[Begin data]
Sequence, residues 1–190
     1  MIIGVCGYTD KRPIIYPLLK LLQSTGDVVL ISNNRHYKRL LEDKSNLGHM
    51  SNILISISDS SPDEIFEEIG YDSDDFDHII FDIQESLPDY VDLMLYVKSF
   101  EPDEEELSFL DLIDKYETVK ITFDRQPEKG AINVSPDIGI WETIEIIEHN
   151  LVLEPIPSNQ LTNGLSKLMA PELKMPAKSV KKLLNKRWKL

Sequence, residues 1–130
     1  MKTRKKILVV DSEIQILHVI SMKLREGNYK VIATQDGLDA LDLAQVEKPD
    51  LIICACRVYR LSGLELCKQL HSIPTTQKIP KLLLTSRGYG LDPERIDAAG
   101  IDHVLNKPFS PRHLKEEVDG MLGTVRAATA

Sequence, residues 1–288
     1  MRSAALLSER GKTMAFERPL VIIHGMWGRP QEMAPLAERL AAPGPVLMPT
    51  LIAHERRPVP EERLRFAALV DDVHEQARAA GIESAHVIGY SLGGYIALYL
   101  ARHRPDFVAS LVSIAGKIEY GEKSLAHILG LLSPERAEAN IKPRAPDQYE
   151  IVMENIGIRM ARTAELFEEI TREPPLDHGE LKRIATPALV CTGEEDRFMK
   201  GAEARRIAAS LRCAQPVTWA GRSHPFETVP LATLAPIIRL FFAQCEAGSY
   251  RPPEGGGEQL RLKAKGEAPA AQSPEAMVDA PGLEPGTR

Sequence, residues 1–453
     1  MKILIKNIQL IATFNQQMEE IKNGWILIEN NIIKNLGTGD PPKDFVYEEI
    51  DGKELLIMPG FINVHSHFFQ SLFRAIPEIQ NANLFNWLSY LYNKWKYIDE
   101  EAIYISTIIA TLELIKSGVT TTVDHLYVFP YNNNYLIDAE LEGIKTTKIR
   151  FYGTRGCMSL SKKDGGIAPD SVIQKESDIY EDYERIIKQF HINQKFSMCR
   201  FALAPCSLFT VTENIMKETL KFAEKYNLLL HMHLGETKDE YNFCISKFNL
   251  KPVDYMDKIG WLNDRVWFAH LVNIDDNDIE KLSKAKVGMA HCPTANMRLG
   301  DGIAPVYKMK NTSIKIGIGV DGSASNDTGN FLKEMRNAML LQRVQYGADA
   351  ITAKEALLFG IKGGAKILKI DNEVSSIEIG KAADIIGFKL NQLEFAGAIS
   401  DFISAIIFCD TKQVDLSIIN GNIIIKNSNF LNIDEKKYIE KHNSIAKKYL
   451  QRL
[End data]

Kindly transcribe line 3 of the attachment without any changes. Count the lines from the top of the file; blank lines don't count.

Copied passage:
    51  SNILISISDS SPDEIFEEIG YDSDDFDHII FDIQESLPDY VDLMLYVKSF